knowing my wild years are too far behind me.
I’m an Energizer bunny with no one to wind me.

Maddeningly, although I know I still dream, I forget them the moment my eyes open. Instead, I usually wake up with the first line of a poem on my mind. In this case, I used it as the second line of this morning’s poem.

Snap

 

Snap

You flavor my memory with common tastes: Spam and corned beef hash.
You wanted to be the common man, but you were anything but.
The bold aggression and the subtle feminine sweep of what you formed—

beautiful. Your hands never clumsy as they sculpted wood and stone.
Metal bent and melted into beauty at your touch,
and colors lifted the wings you gave them.


I floated, also–– too independent to be formed by you,

but still uplifted that a man like you could love me.
It validated something in me—those hard choices I had made
because I listened to something vivid in myself I had not yet found a name for.
Dreams taught me. And synchronicity.

I had always wanted to be a wanderer­­­­—to try to quench those yearnings
that had haunted my daydreams since I was a child.
I cut the ties that bound and wandered West to find you—stable man
pinned by your wings to obligation all your life.
Instead of pinning me down, you wandered with me.
The gypsy life of making and selling art. The easy camaraderie of that circus life.
The vans and wagons circling every weekend in a different convention center parking lot.
Nights pulled into the woods or by the ocean.
Short nights in transit, parked in neighborhoods where we’d be gone by six.
The song of tires on the road, Dan Bern and Chris Smither. Books on tape.
Pulling quickly off the road to lug a dead tree or a well-formed boulder into the van
or to engineer its route up to the roof,
so we returned home as heavily laden as we had departed—
bowed under by the fresh makings of art.

The texture of our home life was silver dust and wood curls.
Its sounds were the stone saw and the drills and polisher.
The heat of the kiln hours after it had lost its art.
The fine storm spray of the sandblaster,
the whine of drills and whirling dervish of the lathe.
The smell of resin, redwood, stone dust, paint.
The sharp bite of metal. The warm bread smell of cooling fired clay.
Every bit of my life was flavored by what you loved––what I loved, too,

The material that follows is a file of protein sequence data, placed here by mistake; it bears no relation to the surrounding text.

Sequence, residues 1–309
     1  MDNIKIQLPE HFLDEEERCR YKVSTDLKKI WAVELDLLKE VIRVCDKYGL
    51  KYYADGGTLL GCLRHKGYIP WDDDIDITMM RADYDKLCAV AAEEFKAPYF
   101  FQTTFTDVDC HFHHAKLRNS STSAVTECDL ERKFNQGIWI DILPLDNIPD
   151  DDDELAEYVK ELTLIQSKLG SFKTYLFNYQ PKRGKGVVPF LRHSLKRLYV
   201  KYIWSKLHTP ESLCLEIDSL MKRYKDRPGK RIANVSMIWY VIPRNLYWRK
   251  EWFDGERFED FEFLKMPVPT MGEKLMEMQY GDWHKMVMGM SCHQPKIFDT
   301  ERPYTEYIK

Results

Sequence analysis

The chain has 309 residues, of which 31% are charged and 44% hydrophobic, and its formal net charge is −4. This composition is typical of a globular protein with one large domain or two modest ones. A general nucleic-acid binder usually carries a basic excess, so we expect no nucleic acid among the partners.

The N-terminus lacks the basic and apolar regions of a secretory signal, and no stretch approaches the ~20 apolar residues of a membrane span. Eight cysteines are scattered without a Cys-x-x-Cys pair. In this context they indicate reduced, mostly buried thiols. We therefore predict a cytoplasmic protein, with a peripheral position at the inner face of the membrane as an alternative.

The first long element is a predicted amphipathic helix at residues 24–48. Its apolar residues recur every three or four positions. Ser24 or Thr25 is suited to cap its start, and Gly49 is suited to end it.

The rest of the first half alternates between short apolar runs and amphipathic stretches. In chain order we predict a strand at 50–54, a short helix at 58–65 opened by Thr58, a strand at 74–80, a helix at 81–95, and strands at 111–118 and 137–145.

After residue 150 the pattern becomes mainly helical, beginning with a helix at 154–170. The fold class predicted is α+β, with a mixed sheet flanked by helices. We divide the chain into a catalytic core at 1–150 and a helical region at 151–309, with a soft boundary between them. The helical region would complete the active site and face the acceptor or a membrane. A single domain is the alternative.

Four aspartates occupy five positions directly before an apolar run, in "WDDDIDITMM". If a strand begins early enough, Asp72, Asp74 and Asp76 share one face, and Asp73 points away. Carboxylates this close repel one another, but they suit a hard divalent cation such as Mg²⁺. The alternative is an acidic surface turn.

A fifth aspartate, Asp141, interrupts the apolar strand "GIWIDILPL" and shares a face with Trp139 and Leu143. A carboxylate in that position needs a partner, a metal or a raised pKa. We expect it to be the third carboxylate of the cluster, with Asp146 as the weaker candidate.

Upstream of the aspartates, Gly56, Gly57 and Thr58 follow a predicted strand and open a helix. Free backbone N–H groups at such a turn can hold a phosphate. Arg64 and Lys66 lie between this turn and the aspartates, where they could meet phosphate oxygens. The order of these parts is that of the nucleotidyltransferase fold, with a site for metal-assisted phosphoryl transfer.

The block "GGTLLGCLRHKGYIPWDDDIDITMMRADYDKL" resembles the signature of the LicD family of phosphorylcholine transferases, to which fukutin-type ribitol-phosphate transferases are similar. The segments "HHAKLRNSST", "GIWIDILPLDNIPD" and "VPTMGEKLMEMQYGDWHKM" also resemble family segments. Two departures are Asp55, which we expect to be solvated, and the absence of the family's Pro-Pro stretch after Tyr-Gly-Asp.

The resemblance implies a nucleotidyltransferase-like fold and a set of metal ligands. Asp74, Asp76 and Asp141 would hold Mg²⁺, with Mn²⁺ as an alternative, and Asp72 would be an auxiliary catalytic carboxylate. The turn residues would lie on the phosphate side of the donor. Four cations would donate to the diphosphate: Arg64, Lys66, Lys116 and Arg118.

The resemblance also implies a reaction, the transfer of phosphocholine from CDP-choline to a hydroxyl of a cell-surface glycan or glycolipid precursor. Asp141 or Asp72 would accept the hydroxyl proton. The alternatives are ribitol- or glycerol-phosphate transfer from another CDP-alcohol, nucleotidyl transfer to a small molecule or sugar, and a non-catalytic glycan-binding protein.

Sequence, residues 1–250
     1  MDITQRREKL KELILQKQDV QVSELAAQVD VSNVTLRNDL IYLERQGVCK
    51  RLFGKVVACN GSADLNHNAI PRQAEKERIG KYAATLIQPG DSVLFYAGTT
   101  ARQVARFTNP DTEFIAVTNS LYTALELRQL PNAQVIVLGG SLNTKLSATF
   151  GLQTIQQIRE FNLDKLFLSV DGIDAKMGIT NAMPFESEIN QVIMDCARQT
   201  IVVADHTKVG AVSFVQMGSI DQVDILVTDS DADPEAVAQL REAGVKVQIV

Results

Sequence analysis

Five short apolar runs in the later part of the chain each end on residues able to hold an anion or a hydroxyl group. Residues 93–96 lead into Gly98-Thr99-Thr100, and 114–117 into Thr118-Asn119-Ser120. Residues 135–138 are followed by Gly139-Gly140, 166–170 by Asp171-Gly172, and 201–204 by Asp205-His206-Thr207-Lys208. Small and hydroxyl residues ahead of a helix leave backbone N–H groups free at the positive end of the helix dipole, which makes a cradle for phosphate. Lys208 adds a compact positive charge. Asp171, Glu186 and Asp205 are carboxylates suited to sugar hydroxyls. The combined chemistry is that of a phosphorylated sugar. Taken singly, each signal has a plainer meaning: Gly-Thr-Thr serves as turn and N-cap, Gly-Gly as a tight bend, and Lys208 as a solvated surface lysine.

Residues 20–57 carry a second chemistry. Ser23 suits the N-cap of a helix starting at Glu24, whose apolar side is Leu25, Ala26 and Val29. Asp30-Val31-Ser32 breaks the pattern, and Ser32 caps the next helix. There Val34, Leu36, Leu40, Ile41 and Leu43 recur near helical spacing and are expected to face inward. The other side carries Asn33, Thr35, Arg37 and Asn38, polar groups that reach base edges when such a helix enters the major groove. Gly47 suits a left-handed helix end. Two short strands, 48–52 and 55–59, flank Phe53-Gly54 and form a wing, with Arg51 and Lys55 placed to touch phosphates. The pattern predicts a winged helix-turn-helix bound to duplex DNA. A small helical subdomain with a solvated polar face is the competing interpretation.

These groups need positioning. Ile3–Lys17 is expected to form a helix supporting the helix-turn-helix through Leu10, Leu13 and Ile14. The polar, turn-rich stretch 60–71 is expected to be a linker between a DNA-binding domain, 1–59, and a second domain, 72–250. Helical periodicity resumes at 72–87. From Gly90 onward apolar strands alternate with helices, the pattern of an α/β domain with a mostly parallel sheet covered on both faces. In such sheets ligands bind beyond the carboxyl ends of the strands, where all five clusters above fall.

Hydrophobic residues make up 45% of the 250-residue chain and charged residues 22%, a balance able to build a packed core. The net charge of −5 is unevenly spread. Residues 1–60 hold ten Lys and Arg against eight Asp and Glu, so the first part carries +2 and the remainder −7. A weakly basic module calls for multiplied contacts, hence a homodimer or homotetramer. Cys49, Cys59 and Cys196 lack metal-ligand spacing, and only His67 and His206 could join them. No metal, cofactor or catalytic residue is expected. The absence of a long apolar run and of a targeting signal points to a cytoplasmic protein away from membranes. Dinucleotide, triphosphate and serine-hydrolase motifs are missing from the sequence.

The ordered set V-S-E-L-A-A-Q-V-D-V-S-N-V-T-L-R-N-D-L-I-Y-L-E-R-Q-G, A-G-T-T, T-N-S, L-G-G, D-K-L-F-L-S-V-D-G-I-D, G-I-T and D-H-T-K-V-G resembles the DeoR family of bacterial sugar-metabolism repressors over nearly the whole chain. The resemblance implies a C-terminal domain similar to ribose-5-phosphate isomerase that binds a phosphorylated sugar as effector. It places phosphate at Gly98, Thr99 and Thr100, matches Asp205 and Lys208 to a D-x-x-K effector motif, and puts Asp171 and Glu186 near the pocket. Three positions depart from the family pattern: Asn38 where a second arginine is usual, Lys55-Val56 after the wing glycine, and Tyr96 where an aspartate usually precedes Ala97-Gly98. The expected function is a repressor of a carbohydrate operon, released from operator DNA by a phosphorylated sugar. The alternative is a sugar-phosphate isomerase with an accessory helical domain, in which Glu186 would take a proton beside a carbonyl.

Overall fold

our interests merging so completely that for awhile
we had no separate lives, but one life welded end-to-end.

These remembraces are not organized or filed.
They flutter into my mind like hidden lists blown off tall shelves.
That life now a scrapbook of the past with certain photos plucked out
to be tucked under bedroom mirror rims or carried in wallets.

Snap. You put yourself into my mind.

Snap. Another memory follows,
and I am an old woman replaying her life.
Snap. The creak of the tortilla machine across the street in the early hours.
The loud rush of the surf, the rattling startup of a motorcycle.
The raspberry seed between my teeth,
the scent of the dog’s bath still on my hands,
sand gritting the sheets
and art projects taking over every surface.
Snap. I am me, looking for the next adventure.

 

Below photos snapped a few minutes ago. Proof of the tale.  New projects.
Click on first photo to enlarge and see all photos.

 

 

The prompt today was vivid.

Where Time Goes

 Version 2

Where Time Goes 

They have not vanished without a trace.
Past years are written on your face.
They web your skin like finest lace,
its former smoothness to efface,
and write a story in its place.

The prompt today was replacement.

Spot Amnesia

Spot Amnesia

How can I sort the world out to when I was only ten?
I’ve taken my mind back there and come back here again.
Eleven I remember, and I also recall nine,
Grades one through four and six through twelve, I remember fine.
Why can’t I remember that year when I was ten?
I opened up an album to take me back again.
I see that I was chubby and had unfortunate hair.
Maybe that is reason enough to keep me out of there.
To live just in the present can block a lot of pain.
Sunny days are better without memories of rain.
Perhaps this digging in the past is something to be curbed,
and certain memories are not meant to be disturbed.
Whatever blocked my fifth year out will be allowed to die.
There’s wisdom in the adage to just let sleeping dogs lie.

 

The prompt word today is “ten.